Cost of Health Insurance Continues to Soar
There is more bad news for both employers and employees. A new survey released this week shows that the cost of health insurance in the U.S. continues to rise, and the rate of growth doesn't seem to be letting up at all.
The survey, conducted by the Kaiser Family Foundation and the Health Research and Educational Trust, shows the cost of health insurance rose 13.9% in the last 12 months - the largest increase in over a decade.
The survey also shows that health care premiums have risen each of the last seven years, and this is the third year in a row that the annual rate of increase is above 10%.
"A key finding, which is not entirely surprising but is still terribly important for employers and workers and the economy, is that we did not find any letup in the rate of increase of health care costs in 2003," said Drew E. Altman, chief executive of the Kaiser Family Foundation.
Other major findings include:
- Many employers plan to charge their employers more for health insurance next year.
- Two-thirds of employers are seeking alternatives to help reduce their costs.
- Most employers continue to view health care coverage as an important component of their benefits package and do not anticipate dropping it from the mix.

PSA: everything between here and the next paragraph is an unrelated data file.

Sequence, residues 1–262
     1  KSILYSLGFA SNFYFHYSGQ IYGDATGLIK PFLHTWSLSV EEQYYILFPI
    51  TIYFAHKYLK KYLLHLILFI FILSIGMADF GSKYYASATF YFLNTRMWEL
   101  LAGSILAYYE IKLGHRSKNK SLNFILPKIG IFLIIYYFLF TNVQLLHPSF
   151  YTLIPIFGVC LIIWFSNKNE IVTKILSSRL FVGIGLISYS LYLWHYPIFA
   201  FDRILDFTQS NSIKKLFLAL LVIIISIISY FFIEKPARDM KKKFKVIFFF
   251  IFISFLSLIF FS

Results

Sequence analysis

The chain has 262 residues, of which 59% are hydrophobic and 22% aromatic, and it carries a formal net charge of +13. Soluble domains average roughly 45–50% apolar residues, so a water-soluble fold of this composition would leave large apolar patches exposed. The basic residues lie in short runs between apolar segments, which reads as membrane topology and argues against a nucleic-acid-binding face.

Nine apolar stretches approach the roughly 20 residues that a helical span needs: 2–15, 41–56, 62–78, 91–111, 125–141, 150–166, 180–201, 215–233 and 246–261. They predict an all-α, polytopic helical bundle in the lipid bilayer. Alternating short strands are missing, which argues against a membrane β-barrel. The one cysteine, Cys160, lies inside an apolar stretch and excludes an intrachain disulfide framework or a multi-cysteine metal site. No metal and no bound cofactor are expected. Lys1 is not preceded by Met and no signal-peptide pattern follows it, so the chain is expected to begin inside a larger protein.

- The percentage of companies that offer ongoing health care coverage for their retirees continues to be in decline.
- Insurance premium cost sharing by employees will be higher and will be progressively more complex.
Voice of the Editor
Which isn’t completely true. I mean, occasionally I drop by when I manage to sneak out of the nonstop frat party over at Going Concern, but I’m mostly a wallflower over there. I’m happy to say that I’ve been given express permission (or explicit orders, if you like) to wander over here to AccountingWEB more often.
Why is that, you might ask? My job is to replace the irreplaceable Gail Perry as Editor-in-Chief. What does that mean? I don’t really know! I think it’ll be fun getting a feel for things, throwing in my own thoughts here and there, and listening to the discussions you’re having about the accounting profession.